Don't get me wrong. I did not for an instance said that I am against democracy. It is just maybe that there will never be true democracy in the world. And maybe that's why it sucks. People are just deceived time and time again to believe in some faint hope that seemingly will never come true. You can call me a cynic or a pessimist, but I think most people are too naive or optimistic. I see myself as a realist, just driven by facts and truth.
Why am I writing all this? Its just that with all this heat going on due to the anticipation of the upcoming Singapore and Malaysia elections, I would just like to reflect on what democracy means to me, and maybe you and the society. Just my two cents' worth.
And please, don't even for a second that you think I am a fan of dictators. Even though democracy has its flaws, one would definitely like to live in a democratic country instead of under a dictatorship of the likes of Hitler, Stalin, Mao, Kim, or Castro. "The difference between a democracy and a dictatorship is that in a democracy you vote first and take orders later; in a dictatorship you don't have to waste your time voting", said Charles Bukowski. (I don't really know who this guy is but I really like this quote.)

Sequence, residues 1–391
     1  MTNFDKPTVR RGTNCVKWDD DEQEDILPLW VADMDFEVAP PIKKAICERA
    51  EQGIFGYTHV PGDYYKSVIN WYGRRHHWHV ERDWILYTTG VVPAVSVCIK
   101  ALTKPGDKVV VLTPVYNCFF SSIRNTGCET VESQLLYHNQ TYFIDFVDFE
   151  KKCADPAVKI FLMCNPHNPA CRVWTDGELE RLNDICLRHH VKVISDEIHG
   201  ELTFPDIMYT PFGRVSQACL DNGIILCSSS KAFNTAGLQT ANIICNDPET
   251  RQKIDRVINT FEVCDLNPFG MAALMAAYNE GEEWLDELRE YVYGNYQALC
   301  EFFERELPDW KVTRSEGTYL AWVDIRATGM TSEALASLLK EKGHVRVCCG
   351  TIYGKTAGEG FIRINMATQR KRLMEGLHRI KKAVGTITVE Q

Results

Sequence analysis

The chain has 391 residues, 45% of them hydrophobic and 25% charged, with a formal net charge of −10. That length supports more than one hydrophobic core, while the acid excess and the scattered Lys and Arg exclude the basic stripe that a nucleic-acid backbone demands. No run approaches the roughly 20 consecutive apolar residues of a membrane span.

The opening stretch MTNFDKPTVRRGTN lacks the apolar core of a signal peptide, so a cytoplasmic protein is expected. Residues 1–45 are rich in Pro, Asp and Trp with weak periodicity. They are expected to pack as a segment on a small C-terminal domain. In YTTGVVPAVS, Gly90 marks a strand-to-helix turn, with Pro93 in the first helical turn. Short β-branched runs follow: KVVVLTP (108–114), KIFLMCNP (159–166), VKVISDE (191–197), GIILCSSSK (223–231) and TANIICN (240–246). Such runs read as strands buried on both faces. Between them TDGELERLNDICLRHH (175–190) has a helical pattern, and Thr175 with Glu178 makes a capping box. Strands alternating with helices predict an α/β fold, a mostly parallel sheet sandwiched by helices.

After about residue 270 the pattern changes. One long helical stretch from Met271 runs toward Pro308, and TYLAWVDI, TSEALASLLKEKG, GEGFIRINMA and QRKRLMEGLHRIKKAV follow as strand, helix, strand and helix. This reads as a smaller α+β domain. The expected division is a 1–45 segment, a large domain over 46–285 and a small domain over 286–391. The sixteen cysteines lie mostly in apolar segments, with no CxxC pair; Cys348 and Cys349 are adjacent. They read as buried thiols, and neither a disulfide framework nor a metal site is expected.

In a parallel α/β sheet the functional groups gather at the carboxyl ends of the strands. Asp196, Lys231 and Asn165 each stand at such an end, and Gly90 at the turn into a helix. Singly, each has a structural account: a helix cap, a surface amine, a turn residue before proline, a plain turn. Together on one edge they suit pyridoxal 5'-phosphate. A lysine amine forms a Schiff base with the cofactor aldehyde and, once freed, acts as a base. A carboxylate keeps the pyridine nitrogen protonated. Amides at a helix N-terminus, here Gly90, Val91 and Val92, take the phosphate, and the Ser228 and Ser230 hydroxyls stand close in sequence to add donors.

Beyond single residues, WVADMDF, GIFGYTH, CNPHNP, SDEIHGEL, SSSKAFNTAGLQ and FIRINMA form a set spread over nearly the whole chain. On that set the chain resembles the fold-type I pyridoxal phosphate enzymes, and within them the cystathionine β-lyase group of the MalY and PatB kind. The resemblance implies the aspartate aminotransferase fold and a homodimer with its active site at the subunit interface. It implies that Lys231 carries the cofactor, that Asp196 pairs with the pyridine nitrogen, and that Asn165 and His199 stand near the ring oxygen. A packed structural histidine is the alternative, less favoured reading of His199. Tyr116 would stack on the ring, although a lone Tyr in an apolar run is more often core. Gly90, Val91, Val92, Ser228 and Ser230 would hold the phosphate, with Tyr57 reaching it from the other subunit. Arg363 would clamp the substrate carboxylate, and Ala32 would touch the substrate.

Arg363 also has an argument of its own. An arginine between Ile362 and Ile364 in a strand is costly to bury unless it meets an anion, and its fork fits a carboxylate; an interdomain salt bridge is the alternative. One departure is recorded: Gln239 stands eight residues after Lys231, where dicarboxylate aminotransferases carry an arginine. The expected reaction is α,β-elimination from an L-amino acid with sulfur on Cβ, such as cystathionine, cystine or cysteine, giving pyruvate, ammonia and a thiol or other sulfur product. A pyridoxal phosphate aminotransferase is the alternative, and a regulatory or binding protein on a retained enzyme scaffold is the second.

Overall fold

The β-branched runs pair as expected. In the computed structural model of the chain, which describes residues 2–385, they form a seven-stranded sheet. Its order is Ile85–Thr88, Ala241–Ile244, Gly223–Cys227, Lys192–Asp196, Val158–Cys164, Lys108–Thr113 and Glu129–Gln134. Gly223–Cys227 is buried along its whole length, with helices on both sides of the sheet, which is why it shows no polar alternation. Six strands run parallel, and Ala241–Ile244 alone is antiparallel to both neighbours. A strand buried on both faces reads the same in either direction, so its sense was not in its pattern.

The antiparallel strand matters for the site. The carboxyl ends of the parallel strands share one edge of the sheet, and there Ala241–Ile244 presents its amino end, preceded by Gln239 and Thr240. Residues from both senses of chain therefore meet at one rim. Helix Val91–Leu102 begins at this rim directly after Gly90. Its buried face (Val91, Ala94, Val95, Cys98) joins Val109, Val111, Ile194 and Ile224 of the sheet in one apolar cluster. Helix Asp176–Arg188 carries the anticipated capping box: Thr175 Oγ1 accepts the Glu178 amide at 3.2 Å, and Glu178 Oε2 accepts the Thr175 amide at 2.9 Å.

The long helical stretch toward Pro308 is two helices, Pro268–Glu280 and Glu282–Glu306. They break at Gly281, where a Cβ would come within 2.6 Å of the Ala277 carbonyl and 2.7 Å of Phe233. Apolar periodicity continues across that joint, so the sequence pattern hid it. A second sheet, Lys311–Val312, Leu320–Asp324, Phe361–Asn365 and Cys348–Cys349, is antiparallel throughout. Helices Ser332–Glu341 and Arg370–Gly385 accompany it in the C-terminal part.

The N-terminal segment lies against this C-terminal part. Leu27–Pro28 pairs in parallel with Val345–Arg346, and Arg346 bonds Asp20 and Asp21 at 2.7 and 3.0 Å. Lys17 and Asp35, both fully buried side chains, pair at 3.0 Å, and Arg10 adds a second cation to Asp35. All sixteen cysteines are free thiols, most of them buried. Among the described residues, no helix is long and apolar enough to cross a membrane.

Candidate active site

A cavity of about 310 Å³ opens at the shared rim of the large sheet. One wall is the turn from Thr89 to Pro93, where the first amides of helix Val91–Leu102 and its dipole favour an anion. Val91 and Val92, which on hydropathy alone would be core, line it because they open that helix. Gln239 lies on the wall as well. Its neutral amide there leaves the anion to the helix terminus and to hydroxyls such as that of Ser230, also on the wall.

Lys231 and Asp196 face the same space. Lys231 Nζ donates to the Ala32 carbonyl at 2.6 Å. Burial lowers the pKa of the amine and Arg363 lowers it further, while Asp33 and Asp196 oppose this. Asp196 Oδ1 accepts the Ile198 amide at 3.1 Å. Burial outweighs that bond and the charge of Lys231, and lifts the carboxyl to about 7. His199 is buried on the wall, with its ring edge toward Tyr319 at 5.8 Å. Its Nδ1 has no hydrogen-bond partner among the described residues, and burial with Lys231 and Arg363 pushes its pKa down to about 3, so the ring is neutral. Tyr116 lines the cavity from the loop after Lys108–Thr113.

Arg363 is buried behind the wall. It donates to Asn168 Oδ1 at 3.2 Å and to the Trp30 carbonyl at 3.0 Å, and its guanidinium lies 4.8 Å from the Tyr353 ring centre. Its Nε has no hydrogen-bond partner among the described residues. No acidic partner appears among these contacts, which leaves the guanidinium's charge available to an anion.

In a democracy, candidates voted into the government are given the power to rule, but they also face the possibility that this power will be striped by the people when voting comes. This is the real difference between democracy and dictatorship. Now comes my real question. What happens in the 4 to 5 years between the elections?
Back to reality, voters don't get any say on the policies once the elections are over. Once the candidates are voted into power, they are given the right and power to decide for the greater benefit of the people, or so they claim to be. The people couldn't even make sure the politicians will hold on to their promises.